Newmont Mining expects to produce 5.2-million ounces of gold in 2019, and 4.9-million ounces in 2020, the US-based miner reported on Thursday.
The updated guidance is at the midpoint of its previous range of 4.9-million ounces to 5.4-million ounces for 2019.
In the longer term, production is expected to remain stable at between 4.4-million ounces and 4.9-million ounces a year, through to 2023. This excludes development projects that have yet to be approved.
Most of Newmont’s production comes from its North American mines, which are forecast to produce 1.9-million ounces a year for the next three years.
In Australia, the group will produce 1.5-million ounces in 2019 and 2020, followed by an increase to 1.6-million ounces in 2021, as the Boddington mine accesses higher grade ore.
The African mines are expected to produce 1.1-million ounces next year, helped by a full-year of production from the Subika underground mine, higher grades from the Subika openpit and improved mill throughput in the second half of the year with the mill expansion. Commercial production at the Subika underground mine, in Ghana, was declared at the end of November. Production from the African region will fall to 930 000 oz in 2020, before picking up to one-million ounces in 2021.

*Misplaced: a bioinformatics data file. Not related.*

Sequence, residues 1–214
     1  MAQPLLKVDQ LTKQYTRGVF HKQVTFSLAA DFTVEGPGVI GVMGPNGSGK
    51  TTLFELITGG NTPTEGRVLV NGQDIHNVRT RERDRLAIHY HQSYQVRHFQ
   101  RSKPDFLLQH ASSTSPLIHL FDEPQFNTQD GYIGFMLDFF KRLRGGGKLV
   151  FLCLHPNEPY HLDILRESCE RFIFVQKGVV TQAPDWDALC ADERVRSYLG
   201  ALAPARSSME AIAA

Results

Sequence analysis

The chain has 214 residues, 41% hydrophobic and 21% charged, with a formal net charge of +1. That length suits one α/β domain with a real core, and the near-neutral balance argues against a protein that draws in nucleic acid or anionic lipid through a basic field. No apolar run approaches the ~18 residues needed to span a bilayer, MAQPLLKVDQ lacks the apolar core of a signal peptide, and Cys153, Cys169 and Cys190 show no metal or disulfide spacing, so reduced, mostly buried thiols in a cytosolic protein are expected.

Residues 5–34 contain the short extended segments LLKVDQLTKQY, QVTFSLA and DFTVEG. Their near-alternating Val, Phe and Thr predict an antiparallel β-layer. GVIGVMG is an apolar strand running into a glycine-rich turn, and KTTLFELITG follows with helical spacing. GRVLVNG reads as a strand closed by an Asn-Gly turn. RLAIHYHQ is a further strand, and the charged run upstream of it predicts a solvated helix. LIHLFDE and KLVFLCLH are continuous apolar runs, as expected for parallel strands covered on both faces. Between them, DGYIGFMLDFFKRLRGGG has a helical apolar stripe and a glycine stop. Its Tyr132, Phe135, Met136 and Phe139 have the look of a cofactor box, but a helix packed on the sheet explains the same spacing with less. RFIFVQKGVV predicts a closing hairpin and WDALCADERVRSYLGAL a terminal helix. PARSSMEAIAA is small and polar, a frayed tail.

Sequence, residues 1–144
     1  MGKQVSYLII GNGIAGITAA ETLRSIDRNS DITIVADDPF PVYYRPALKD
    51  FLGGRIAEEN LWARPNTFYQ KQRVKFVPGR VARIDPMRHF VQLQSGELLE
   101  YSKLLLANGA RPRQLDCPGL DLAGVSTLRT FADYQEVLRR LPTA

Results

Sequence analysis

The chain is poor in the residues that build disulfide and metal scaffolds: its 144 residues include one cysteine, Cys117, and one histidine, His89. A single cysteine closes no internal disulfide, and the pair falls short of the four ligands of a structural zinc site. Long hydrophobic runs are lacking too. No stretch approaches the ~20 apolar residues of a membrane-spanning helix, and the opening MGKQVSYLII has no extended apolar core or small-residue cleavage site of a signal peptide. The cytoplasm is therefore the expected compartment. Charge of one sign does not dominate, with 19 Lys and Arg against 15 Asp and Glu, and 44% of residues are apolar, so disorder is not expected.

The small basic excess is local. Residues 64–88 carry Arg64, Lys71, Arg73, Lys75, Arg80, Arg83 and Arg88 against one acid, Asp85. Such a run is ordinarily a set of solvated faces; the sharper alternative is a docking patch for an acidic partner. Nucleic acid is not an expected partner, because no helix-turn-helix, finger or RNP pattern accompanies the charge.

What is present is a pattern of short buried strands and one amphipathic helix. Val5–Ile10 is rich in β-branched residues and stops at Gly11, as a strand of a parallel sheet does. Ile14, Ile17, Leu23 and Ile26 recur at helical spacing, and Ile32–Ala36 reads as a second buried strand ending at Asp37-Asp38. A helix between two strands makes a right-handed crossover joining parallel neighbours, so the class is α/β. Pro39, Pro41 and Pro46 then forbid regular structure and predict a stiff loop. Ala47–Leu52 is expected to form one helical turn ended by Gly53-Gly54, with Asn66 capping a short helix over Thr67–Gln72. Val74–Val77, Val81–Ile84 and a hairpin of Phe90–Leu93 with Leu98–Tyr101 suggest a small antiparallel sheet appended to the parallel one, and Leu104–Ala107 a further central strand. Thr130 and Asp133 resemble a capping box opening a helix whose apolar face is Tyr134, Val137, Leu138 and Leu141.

The group expects to produce 650 000 oz from its South American mines next year, but this will decrease to 560 000 oz in 2020 and 450 000 oz in 2021, as the Tapado Oeste pit and Yanacocha laybacks, in Peru, are mined out and the Merian mine, in Suriname, transitions from saprolite to hard rock.
Newmont’s all-in sustaining costs (AISC) for 2019 are $935/oz and for 2020 are $975/oz. In the longer term, AISC should be between $875/oz and $975/oz.
Its total consolidated capital guidance for 2019 is $1.07-billion and $730-million in 2020. Development capital includes the Ahafo mill expansion in Africa, Tanami Power in Australia and Quecher Main in South America, as well as expenditures to advance studies for future projects.
Sustaining capital guidance is $680-million for 2019 and $660-million for 2020.